Exterior restoration of the Potter's House in Bethabara, North Carolina, had been completed, and interior restoration was well underway before a decision was made to investigate areas where there had been two additions to the extant structure. Since, through conscious planning, these areas had been untouched during the initial restoration, it was possible to uncover intact foundations yielding valuable information concerning changes in structure usage and construction techniques. In addition, the only Moravian pottery kiln ever to be excavated in the United States was discovered and investigated. Had it not been for the careful planning during the restoration of the structure, this extremely valuable information would have been lost forever. However, the initial planning had been done--not originally with the thought of developing the site as a museum, but simply as an effort to preserve and protect the evidence.

Evidence of activity around the structure, but not physically connected with it is also important. The demarcation of personal space is a major concern in western society. Placement of plantings and fences is not the result of accident, but is as carefully considered as is the exterior color of the main structure. Specific areas of the property are set aside for specific uses. The front yard tends to be rather formal--a statement of how the inhabitants wish to present themselves to the outside world. There is a strong tendency to keep this area clean and devoid of functional items such as machinery. The front yard is used as a display of status--its ostentation depending on the rank and social status of the inhabitants.

The backyard of a dwelling, or the rear of a public building tends to be more utilitarian. These areas are used for activities which are essential to, but not appropriate for the interior of the structure. Support structures such as smokehouses, stables and privies are usually located in this area--located in a pattern which conforms with prevailing social practices, and complementing the main structure. Above ground evidence for such support structures rarely survives. This is why some restorations look so sterile; the main structure lacks the support which made it a functioning property. Although the above ground evidence rarely remains, archaeological resources appear to be particularly well preserved in the back yard. Removed from the development pressures of additions and subtractions from the main structure, they are protected from all but the most tenacious attempts to adapt the land.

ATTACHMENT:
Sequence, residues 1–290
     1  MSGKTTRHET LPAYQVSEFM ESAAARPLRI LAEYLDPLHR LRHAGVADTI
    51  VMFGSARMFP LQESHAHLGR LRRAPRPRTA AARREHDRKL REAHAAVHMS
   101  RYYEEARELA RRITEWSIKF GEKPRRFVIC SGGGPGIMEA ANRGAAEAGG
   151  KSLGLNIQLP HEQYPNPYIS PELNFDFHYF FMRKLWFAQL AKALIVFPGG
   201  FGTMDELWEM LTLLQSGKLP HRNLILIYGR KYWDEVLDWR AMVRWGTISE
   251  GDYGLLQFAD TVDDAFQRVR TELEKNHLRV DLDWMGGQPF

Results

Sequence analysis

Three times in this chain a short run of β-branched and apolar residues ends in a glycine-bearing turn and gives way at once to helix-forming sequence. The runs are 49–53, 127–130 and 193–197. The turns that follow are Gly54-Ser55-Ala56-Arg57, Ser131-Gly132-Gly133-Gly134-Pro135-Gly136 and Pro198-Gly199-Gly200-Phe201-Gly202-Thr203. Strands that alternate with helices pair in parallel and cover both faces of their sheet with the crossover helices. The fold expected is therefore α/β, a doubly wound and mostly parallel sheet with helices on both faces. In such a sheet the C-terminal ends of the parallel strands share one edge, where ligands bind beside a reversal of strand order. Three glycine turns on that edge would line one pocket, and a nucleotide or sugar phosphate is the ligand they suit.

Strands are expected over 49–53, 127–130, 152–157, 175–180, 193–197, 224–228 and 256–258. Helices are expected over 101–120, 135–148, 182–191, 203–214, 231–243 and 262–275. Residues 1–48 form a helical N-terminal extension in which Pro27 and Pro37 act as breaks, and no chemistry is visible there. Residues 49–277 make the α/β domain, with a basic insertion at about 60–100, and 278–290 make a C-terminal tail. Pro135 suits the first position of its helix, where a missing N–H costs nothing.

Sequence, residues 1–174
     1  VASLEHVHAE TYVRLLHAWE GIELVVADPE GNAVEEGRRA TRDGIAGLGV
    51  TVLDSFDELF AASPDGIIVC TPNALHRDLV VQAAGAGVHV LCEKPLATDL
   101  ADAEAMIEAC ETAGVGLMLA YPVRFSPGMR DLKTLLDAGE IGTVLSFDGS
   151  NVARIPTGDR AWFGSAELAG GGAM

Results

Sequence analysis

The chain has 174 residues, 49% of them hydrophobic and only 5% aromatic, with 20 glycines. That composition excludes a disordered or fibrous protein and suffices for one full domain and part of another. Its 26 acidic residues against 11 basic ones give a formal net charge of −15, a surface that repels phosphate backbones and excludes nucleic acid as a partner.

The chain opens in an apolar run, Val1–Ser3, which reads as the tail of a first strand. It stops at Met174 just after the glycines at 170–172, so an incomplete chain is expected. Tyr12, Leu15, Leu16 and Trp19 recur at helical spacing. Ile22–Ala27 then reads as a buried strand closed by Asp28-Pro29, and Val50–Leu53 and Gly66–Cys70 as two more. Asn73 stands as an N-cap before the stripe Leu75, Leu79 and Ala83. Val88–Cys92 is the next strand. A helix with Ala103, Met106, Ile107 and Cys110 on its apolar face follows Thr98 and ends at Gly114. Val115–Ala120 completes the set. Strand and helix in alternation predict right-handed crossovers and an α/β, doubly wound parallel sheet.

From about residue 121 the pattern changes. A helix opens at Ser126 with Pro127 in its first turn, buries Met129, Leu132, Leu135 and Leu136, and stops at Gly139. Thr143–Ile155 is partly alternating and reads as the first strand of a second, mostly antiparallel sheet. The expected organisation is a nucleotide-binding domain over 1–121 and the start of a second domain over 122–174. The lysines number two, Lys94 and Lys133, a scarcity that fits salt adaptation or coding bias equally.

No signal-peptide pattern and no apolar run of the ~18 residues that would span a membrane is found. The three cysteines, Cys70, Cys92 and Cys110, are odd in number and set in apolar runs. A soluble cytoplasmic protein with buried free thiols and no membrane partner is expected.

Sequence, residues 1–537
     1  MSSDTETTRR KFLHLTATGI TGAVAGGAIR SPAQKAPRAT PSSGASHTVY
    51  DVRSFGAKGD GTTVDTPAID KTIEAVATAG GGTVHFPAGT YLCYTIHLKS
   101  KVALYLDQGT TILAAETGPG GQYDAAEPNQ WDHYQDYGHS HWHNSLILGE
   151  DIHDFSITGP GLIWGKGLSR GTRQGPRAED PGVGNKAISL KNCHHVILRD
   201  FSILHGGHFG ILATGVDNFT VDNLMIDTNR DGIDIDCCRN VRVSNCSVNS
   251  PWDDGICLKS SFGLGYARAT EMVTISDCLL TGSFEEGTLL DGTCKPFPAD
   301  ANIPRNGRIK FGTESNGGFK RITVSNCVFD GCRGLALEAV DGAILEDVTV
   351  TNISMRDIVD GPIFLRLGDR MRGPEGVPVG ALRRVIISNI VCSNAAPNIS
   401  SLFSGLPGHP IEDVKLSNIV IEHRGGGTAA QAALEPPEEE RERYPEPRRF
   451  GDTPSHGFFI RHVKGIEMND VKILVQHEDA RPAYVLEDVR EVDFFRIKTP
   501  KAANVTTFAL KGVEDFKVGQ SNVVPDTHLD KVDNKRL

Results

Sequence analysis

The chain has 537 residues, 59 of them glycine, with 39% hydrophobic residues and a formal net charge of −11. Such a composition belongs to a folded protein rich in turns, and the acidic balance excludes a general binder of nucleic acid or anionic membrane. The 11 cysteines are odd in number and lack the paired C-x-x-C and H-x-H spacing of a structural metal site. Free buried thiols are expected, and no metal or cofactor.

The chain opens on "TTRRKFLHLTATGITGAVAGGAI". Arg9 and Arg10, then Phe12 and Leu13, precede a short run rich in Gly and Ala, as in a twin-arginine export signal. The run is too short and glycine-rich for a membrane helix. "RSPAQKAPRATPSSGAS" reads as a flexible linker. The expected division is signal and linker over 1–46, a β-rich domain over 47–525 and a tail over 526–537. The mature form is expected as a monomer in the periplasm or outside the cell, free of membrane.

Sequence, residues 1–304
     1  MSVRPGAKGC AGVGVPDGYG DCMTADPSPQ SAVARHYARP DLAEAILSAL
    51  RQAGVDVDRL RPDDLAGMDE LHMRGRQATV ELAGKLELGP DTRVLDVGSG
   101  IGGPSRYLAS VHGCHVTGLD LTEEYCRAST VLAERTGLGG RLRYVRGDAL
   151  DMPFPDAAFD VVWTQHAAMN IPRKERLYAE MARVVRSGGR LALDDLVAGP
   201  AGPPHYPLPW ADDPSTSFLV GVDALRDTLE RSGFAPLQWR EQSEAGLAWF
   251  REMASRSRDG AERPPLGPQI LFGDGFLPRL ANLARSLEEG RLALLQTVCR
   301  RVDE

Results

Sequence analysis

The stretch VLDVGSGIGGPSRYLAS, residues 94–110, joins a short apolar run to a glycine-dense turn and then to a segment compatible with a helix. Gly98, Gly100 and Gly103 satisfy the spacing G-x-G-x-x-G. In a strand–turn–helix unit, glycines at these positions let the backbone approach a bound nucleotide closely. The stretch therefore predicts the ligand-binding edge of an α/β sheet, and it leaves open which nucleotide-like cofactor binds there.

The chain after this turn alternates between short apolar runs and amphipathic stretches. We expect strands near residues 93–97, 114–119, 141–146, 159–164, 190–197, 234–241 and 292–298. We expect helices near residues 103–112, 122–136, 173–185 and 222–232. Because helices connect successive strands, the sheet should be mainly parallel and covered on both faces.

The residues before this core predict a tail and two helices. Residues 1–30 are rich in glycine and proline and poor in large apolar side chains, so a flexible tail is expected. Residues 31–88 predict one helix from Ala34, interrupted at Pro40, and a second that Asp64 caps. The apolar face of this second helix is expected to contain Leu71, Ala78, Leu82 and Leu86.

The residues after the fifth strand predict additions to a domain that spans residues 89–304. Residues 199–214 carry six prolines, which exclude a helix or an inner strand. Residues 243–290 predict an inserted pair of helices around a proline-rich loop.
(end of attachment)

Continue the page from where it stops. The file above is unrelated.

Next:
Dealing with archaeological resources at first appears a bit cumbersome and time consuming. After all, how can one express any real concern for things which can not be seen? It is difficult enough to get any action concerning a standing structure which everyone can see and appreciate to some degree. The simple realization that such resources exist is a start--that what you see may not be all that you have. Next is the implementation of a program in identification and evaluation--discover what you have, where it is and how valuable it is. Identification of areas of concern, and the elimination of other areas will made the process much simpler.

While it is best to complete the entire process, it is not necessary to have all in place to begin positive actions to preserve archaeological resources. As small a step as designating a structure and its lot as an historic property, rather than simply designating the structure, is a good start. Archaeological resources are fragile and non-renewable. Once they are damaged or destroyed, they are gone forever.

The mainstream of historical research tends to focus on "great men and great events". It is a rare town that has more than one man who is considered, even locally, as one of the "greats". However, each town has its own history which is just as important to it as are any of the great movements recorded in the normal histories. Local history gives a town a sense of place and purpose, a base to fit into the rest of the world. Since it is the history of ordinary people, it is rarely written down. The majority of the evidence is in the material remains of their lives--the archaeological resources.

Reprinted by permission from The Ligature©, NC Division of Archives and History (1985)